Your ideas are valid, but the state of Wyoming can not afford to allow an outside entity to have that much control and influence over management of wildlife in the state. They have ever financial incentive to fight the fight at whatever cost come because it is a public resource and not one owned by the Crow (who live in Montana). The cost by the state of lawyers is a mute point, the state already employs lawyers, and I am sure that the RMEF, DSC, SCI, NRA-ILA, and other pro hunting environmental organizations will help to fund it.

There is no reason not to fight for the states rights to manage wildlife. Failure to do so will bring on legal battles as well.

Dustin F. - posted 6 months ago on 07-08-2019 09:45:40 am
Carmel Valley, CA


Thanks for sharing your experience, I agree that such proposal has lower odds—all systems resist change. My collaboration suggestion would be a small action which would potentially threaten generational grievances and isolationist views which are part of existing feedback loops that perpetuate legally-based wastes of time. My suggested collaboration necessitates intelligent processing, emotional intelligence, clear incentives, and actionable measurements which guide the plan and management process. All beneficial change begins with a acknowledgement of a problem and a focus on mutually shared values. I doubt either party has exchanged management plan objectives and herd data; but, by doing so would actualize the beginning of an un-costly beneficial change. Such action would would be a small start to "collaboration". The incentive to avoid legal fees is a great tool toward seeking a resolution. But, such pursuit necessitates higher intelligence grounded in an understanding of empowerment and determined focus on mutually-shared-expansive value.

SETH D. - posted 6 months ago on 07-08-2019 09:11:32 am
Sunny New Mexico


I grew up on the Wind River Indian Reservation. Maybe collaboration will happen, but I would be willing to bet that the answer is there will be no collaboration. Washington state has similar issues with tribal hunting, and it has really hurt their ability to manage wildlife.

Rudy G. - posted 6 months ago on 07-07-2019 10:03:51 am

"Rich man, Poor man scenerio"
With outfitters being the only ones that are able to hunt all species, at out of reach prices, it doesn't surprise me that something like this would crop up!

Jay M. - posted 6 months ago on 07-06-2019 08:02:46 pm
Raleigh, nc

Nicely written.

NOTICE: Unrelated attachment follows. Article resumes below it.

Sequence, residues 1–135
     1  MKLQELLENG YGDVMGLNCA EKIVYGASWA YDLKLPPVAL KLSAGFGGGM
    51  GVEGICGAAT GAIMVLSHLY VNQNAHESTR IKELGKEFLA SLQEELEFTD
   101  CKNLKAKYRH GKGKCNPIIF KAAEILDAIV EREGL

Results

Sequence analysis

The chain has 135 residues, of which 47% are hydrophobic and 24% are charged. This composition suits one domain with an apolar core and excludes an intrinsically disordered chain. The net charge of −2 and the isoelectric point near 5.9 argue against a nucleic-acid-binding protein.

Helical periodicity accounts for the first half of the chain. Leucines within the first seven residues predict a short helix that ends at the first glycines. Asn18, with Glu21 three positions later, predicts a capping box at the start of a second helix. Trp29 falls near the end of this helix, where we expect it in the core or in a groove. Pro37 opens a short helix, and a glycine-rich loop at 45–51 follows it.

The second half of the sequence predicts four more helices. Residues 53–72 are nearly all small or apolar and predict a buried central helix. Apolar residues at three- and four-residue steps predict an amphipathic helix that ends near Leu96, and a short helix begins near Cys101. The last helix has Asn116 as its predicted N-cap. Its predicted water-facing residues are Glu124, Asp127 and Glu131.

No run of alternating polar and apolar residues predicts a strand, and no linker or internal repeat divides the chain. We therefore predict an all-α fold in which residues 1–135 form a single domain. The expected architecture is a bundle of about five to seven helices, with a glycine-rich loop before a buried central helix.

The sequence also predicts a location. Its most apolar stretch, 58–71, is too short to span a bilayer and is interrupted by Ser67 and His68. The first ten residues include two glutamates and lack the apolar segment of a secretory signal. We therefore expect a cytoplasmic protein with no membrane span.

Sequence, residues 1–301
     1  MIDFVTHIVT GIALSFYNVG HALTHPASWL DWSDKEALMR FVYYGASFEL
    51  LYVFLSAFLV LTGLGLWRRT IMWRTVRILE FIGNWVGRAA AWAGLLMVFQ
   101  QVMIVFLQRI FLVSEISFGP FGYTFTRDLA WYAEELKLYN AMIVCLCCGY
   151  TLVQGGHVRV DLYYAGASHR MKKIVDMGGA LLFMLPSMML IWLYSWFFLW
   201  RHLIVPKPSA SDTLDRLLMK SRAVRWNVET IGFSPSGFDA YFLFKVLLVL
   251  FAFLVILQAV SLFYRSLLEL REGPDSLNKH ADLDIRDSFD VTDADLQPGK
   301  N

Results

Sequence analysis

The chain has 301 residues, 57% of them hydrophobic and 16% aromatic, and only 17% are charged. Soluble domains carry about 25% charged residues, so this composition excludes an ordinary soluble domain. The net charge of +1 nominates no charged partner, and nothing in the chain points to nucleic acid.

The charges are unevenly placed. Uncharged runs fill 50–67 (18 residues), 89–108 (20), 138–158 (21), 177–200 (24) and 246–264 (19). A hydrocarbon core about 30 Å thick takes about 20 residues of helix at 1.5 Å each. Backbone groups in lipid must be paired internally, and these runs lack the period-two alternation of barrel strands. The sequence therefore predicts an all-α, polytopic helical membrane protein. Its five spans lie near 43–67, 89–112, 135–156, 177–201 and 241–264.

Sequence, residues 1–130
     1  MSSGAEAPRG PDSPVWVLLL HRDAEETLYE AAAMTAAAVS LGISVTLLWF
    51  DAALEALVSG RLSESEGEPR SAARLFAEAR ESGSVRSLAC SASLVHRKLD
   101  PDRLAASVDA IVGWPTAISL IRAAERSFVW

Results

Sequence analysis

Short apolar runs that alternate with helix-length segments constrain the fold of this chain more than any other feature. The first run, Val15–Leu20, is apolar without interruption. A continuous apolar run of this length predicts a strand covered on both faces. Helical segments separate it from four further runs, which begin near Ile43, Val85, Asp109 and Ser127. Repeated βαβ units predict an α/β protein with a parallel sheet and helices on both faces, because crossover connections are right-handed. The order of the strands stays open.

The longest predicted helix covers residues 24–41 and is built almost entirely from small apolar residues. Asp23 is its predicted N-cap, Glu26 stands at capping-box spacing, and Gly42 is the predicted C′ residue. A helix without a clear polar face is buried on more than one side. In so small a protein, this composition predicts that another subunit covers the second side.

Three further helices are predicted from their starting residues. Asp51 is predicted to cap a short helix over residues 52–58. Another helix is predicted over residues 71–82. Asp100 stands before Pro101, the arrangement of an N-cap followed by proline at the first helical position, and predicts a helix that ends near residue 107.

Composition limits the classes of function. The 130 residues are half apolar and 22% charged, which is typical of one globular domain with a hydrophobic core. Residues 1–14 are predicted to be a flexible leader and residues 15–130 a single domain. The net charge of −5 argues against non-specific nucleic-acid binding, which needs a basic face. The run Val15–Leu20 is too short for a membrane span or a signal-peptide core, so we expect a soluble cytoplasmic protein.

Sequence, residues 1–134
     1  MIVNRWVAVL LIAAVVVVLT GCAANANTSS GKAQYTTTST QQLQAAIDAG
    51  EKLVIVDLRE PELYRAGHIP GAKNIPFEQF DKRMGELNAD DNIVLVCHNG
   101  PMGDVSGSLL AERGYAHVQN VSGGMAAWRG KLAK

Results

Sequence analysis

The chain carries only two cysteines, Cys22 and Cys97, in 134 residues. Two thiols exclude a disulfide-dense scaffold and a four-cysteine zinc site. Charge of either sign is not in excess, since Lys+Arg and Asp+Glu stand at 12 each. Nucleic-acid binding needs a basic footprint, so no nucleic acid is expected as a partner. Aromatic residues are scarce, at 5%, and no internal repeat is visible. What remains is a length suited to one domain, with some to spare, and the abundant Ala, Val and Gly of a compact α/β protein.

Dustin F. - posted 6 months ago on 07-06-2019 11:33:52 am
Carmel Valley, CA

A legal attempt to coerce conditions in obfuscation to primary Tribal rights is a waste of time, money, and
is disrespectful. The distinction between treaty rights and how shared resources are managed is clear. The issue is clearly evidenced by the behaviors at hand—whether or not the Crow Tribe will align their hunting and subsistence decisions with the management regulations prescribed by the State. And, whether or not the State will trust the tribe to protect this obvious shared resource. Viewing the Crow Tribe as "immune to prosecution" is a very un-resolute way of attaining mutually-shared-expansive actions. Furthermore, Tribal hunting is not "unregulated". Such legal cases and views evidence intention to disregard and control the sovereign rights of Native American Tribes. The Crow Tribe has represented that their hunting is "regulated" and maintains an "eye toward sustainable use". Rather than trying to undo treaty rights, the focus should be working together to create abundance and mutually beneficial regulations. A new contract defining these shared management principles and regulations is a much more valuable method to resolution than the attempted legal coercion at hand. Collaboration between Tribal leaders and State Wildlife Managers is a far less costly and more beneficial method to resolution.

Michael V. - posted 6 months ago on 07-05-2019 01:34:05 am

Camping, hunting, outing, fishing, and shooting like activities are some main and learning activities in the student's life. Every academics expert suggest students include to in these activities and try to increase the level of observation, I remember that in my college days I had been suggested by the and literally I have taken the number of advantages by it.